It is an honor to greet the American and Chinese delegations to the sixth round of the United States-China Strategic and Economic Dialogue (S&ED). I want to thank President Xi, Vice Premier Wang, State Councilor Yang, and the entire Chinese delegation for hosting this year's S&ED and for their warm reception of the American delegation.
This year marks a special milestone in the U.S.-China relationship--it is the 35th anniversary of the establishment of diplomatic ties between our two great nations. Today, instead of living detached from each other as we did 35 years ago, the United States and China embrace the benefits of strengthening ties and acknowledge the growing interdependence of our economic destinies. This anniversary provides an opportunity to take stock of the deepening exchanges between our two peoples, the range of cooperation between our two countries on shared security and economic challenges, and dealing forthrightly with our differences. It is also an opportunity for the United States and China to reaffirm our commitment to working jointly to build a positive, more secure, and prosperous future for all our citizens.
As the premier mechanism for dialogue between the United States and China, the S&ED offers us a chance annually to exchange views on a diverse range of bilateral, regional, and global challenges critical to both our countries. Building on the accomplishments of the previous five rounds of the S&ED, this year's dialogue promises to further advance our cooperative efforts to identify solutions to problems that no country can address on its own. Our efforts to promote economic prosperity, cooperation in Asia, energy security, and security in cyberspace, including at the G-20, APEC, and the Nuclear Security Summit, have a significant and positive impact for our citizens and for the broader international community.
The United States welcomes the emergence of a stable, peaceful, and prosperous China. We are committed to the shared goal of developing over time a "new model" of relations with China defined by increased practical cooperation and constructive management of differences. We should use the S&ED to demonstrate to the world that--even in a relationship as complex as ours--we remain determined to ensure that cooperation defines the overall relationship.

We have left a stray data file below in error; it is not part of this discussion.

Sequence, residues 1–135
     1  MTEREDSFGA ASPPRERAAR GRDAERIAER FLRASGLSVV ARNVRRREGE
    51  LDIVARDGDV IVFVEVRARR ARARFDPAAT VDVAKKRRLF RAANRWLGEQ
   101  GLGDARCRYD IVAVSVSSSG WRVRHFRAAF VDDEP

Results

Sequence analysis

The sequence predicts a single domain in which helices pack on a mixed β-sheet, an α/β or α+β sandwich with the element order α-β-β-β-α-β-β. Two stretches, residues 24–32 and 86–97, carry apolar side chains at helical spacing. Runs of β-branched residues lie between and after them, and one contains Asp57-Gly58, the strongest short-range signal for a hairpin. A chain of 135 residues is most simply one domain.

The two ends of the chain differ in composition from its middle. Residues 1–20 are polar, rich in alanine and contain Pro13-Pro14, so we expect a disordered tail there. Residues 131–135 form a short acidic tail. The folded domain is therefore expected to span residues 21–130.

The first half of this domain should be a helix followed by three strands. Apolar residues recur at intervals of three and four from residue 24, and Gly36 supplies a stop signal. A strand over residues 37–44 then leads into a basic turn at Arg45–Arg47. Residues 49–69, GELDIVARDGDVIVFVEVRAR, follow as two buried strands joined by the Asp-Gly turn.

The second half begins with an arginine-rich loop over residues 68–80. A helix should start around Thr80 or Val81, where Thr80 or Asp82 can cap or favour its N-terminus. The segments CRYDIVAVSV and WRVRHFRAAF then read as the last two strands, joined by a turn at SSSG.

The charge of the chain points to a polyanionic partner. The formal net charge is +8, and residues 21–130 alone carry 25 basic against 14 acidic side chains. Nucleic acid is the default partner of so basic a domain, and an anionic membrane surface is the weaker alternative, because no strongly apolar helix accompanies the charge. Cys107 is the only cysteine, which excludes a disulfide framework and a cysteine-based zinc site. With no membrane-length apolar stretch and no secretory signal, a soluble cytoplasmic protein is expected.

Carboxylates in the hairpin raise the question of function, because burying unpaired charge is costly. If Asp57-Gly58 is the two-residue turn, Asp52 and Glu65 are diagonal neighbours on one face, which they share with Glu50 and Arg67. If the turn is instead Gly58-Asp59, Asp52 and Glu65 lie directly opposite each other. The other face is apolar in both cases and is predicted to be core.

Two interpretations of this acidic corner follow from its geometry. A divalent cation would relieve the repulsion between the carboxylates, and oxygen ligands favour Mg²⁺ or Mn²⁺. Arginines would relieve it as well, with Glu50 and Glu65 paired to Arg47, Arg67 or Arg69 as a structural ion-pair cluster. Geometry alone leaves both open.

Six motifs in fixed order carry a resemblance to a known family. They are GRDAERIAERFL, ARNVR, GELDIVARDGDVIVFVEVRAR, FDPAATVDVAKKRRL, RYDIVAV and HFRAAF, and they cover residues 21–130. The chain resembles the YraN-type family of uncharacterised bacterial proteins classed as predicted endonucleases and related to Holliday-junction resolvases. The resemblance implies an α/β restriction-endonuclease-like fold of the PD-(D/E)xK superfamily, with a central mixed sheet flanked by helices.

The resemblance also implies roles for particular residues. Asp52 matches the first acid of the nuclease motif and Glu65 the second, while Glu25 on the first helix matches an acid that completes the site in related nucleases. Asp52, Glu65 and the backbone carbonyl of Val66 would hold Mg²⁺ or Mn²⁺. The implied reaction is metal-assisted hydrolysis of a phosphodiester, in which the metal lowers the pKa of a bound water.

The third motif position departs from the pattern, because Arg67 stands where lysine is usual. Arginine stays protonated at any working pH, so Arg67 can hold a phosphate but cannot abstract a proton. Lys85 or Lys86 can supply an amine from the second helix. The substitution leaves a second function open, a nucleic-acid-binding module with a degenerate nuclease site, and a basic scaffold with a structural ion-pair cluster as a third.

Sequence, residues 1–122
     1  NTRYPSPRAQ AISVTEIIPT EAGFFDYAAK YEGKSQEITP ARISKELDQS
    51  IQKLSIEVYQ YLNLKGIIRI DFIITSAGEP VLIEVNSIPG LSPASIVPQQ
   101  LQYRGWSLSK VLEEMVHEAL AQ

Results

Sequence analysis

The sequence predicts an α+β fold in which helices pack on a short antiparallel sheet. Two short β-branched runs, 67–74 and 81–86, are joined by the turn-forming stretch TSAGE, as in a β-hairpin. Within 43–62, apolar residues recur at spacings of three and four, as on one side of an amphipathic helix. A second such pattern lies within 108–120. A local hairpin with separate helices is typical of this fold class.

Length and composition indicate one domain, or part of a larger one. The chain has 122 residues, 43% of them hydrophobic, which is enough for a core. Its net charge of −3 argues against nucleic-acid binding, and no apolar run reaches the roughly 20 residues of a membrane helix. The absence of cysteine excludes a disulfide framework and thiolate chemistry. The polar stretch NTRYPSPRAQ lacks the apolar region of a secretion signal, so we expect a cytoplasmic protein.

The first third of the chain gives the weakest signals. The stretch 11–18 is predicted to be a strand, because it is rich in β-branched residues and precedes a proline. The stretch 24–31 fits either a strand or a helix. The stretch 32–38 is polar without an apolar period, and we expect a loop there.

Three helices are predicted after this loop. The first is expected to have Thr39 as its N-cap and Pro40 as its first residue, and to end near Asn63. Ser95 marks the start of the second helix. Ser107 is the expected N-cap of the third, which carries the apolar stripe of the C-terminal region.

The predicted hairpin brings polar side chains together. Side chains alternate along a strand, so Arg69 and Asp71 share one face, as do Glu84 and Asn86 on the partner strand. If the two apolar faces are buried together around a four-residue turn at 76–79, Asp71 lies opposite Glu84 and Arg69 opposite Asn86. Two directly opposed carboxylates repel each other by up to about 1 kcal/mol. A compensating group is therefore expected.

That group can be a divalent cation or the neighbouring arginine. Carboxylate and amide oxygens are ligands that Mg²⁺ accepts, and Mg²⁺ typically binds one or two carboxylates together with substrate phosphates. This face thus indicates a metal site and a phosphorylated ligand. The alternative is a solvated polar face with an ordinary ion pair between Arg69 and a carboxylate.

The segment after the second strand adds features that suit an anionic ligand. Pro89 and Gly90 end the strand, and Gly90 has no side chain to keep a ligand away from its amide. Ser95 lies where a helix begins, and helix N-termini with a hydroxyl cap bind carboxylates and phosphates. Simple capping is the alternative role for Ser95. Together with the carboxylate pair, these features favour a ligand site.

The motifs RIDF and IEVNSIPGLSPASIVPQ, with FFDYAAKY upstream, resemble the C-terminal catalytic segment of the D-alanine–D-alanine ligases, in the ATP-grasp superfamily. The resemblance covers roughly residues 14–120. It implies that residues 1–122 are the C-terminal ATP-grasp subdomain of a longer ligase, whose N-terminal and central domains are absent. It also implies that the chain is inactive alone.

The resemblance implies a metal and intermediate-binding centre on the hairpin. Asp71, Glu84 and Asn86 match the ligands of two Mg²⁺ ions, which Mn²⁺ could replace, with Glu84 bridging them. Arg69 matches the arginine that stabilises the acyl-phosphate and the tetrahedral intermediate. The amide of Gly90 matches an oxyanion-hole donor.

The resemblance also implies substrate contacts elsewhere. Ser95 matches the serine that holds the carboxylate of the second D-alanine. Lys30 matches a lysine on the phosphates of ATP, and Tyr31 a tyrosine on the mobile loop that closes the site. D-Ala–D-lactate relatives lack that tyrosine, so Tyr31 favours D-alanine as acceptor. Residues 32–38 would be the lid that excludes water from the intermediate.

President Xi and I have worked hard, including in meetings at Sunnylands, St. Petersburg, and The Hague, and in communications between meetings, to make sure that our relationship is stable, resilient, and delivering results for our peoples.
We have significantly enhanced our cooperation on climate change in the past year, including through our commitment to phase down hydrofluorocarbons, the launch of five initiatives under the U.S.-China Climate Change Working Group, and our policy dialogue on the international climate negotiations. Over the past year we also found new ways to collaborate on shared energy security and sustainability interests, ranging from advancing the safe development of shale gas and renewable technologies to initiating a G-20 fossil fuel subsidy peer review and enhancing our ability to respond to oil market emergencies. On regional security issues, we are working to realize an international solution to Iran's nuclear program, just as we are working together to achieve the denuclearization of the Korean Peninsula and to bolster political stability and economic revitalization in Afghanistan. And on economic issues, we are working to establish a level, competitive playing field for our firms that is based on internationally agreed upon rules of the road on trade, investment, intellectual property, and cybersecurity. I look forward to addressing all of these issues with President Xi when I visit Beijing for APEC in November. That trip will be my second visit to China, and I can think of no better time to advance our relationship than when we are celebrating our 35th anniversary.
The United States and China will not always see eye-to-eye on every issue. That is to be expected for two nations with different histories and cultures. It also is why we need to build our relationship around common challenges, mutual responsibilities, and shared interests, even while we candidly address our differences. From my meetings with President Xi, to the S&ED meetings you will be holding over the next two days, to the growing number of student exchanges supported by organizations like the 100,000 Strong Foundation, all of these interactions underscore the promise of a resilient and cooperative United States-China relationship.